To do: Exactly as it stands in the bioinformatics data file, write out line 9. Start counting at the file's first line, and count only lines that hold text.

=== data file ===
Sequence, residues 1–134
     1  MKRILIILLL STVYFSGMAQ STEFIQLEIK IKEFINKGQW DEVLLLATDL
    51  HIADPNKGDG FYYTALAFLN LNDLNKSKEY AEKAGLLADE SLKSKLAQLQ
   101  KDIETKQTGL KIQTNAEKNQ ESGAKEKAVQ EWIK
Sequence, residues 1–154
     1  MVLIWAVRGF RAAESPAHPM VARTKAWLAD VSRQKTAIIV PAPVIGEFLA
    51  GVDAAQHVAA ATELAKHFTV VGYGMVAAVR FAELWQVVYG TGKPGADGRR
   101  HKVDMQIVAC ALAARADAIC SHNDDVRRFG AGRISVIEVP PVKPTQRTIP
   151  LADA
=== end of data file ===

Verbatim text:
   151  LADA